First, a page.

This review contains spoilers.
3.4 Blue Bell Boy
There are several real-life figures in Boardwalk Empire. Meyer Lansky, Lucky Luciano, Arnold Rothstein… Several of them are known to history, particularly that section of the bookshop marked ‘Real Crime’. None of them, however, loom as large in the collective memory as Al Capone. His very name remains a byword for gangsterism and criminality over eighty years since he was finally arrested. He’s such a large figure that if the show was merely an ‘Al Capone –The Early Years’, there would be sufficient interest to sustain several seasons.
Boardwalk Empire has larger ambitions than simply telling the story of Capone’s rise to power. Nevertheless, in this episode, Blue Bell Boy, Capone takes a leading role in a storyline that focuses on his family responsibilities. We’ve seen how touchy he is about his deaf son, all the more so when it appears the boy is being bullied at school. In a case of the apple falling very far from the tree, young Albert is weedy and reluctant to fight. The vacuum of violence is filled by his father, savagely beating one of Dean O’Bannion’s goons. Brutal? Yes. But it’s hard not to sympathise with Capone, especially given Stephen Graham’s performance, which adds more to the character every time we see him. Given the size of Capone’s reputation, it’d be easy to make him cartoonish, but Graham really manages to humanise him. We know how things end up for Al, but it’s great to watch them happen.
In doing so, we’ll have to make do with the occasional cameo. As we’ve had with Nelson Van Alden, Eli Thompson and Chalky White over recent weeks, dipping into other storylines has been a treat, but it can leave the viewer wanting more.
It’s as if the show is struggling to be an ensemble piece. It’s still Buscemi at the top of the bill and in the opening credits sequence but the story is much bigger than Nucky Thompson. Indeed, much of the show’s appeal is generated by other characters, not least Mr Capone.
There is some narrative justification for all of this, especially this week, which concentrates on the division of the characters along loyalty –and increasingly ethnic- lines.
In his meeting with Joe Masseria, conducted mainly in Italian, Luciano is reminded that Rothstein and Lansky ‘are not his people’. In Chicago, trouble is still brewing between the Italian Torrio/Capone operation and their Irish rival O’Bannion. We don’t even need to dwell on the difficulties coming between Nucky and Rothstein through the actions of Rosetti.
In many ways, these divisions are natural. With so much mistrust and suspicion, it’s understandable for people to fall back on the familiar. It’s a shame for Nucky that he cannot trust the man he should most be able to. A shame for Eli too, he’s one of the very few people who can read the writing on the wall.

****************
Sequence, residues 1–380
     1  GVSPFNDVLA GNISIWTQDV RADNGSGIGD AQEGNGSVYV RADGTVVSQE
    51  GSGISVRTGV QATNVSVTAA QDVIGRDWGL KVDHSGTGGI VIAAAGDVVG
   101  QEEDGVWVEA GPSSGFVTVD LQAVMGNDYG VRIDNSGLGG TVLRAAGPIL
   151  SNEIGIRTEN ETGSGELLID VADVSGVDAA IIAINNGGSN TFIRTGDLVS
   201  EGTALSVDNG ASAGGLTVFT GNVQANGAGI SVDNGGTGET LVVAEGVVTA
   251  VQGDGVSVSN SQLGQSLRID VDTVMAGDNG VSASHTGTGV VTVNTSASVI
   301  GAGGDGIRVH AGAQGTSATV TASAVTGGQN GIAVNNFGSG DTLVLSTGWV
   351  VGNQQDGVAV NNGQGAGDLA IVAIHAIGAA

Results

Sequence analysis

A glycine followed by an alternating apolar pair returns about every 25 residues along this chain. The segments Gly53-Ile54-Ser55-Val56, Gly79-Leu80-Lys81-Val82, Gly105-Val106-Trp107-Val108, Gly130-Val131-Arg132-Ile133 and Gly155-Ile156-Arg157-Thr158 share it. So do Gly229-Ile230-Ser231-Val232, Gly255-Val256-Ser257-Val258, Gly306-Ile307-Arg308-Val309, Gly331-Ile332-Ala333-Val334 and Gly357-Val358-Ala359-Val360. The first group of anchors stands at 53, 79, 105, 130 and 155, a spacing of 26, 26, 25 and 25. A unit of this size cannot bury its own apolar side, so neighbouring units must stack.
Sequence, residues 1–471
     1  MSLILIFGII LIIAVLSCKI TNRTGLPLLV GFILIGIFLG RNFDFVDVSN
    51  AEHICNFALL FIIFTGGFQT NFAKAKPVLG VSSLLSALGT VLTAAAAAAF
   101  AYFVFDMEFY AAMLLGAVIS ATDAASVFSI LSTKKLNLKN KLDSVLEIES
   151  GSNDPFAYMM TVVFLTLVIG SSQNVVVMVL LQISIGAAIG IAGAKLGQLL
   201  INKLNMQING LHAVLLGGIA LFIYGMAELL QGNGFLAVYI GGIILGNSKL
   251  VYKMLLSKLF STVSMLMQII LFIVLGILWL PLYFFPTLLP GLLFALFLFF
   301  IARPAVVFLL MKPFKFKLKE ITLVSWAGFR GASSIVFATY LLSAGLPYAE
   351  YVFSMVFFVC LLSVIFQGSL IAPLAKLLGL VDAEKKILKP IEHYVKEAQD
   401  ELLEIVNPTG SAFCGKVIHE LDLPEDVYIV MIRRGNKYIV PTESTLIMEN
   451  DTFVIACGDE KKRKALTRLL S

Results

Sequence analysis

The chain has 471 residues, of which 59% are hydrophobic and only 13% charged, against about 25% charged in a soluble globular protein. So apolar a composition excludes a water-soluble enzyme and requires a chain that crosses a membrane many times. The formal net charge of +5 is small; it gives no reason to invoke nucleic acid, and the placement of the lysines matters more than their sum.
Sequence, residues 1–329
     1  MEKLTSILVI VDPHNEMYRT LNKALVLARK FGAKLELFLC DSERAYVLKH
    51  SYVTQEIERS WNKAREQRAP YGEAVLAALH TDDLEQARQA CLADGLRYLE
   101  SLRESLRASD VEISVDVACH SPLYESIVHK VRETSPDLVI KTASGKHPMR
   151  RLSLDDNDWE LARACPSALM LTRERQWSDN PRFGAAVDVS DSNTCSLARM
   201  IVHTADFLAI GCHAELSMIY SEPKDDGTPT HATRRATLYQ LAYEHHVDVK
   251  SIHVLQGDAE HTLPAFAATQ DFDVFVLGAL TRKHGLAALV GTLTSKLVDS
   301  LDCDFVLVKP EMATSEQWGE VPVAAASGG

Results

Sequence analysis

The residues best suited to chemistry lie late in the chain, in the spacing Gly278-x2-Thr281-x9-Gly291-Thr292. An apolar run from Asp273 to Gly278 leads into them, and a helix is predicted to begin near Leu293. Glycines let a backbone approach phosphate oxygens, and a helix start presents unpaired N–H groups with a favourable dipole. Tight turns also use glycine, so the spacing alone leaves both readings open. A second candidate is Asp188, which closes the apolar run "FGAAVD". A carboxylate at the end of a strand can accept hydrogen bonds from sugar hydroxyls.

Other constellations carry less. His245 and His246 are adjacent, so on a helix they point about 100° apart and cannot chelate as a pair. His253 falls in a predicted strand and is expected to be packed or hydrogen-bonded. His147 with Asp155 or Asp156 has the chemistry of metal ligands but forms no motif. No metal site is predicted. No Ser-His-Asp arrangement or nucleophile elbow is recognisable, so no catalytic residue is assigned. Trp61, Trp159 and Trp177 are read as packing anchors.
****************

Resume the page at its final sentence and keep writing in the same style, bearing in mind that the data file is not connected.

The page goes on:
As for Nucky himself, his ability to accurately read a situation has deserted him. The pressure is taking its toll. He’s snappy and irritable, and reduced to cowering in a damp basement for much of the episode. He’s a man under siege, literally in the case of the basement, and metaphorically with the various forces circling around him. Everyone else has the upper hand; Rosetti, an annoyed Rothstein, the agents prowling the house above. When he shoots the teenage Roland, it is not simply for stealing from him, it’s because he’s the only person over whom he has dominion. It’s a rum old turn for the once powerful Thompson.
Things are still shaky for Lansky and the aforementioned Luciano. Still struggling to out-think Masseria, they’re still finding their feet. However, the youthful bravado they showed in previous seasons has now gone. When Lansky reminds Lucky about sitting near the window he shows admirable caution. Like Capone, it’s a real joy to see these two maturing and becoming the powerful players they are destined to be. It’s a gift to actors Anatol Yusef and Vincent Piazza to be able to portray such steady and true learning curves. I confess to having been irritated by both of them in the early days but now I find myself rooting for them, nasty as they undoubtedly are.
The episode’s best moments come at the end. The montage to Capone’s badly-sung My Buddy is pitch perfect – the tense meeting of the Thompson brothers, Margaret with the wind taken out of her sales, Rosetti enjoying his success and Capone himself, being the tender and loving father that we know him to be. Not a legend, just a human being.
Read Michael’s review of last week’s episode, Bone For Tuna, here.
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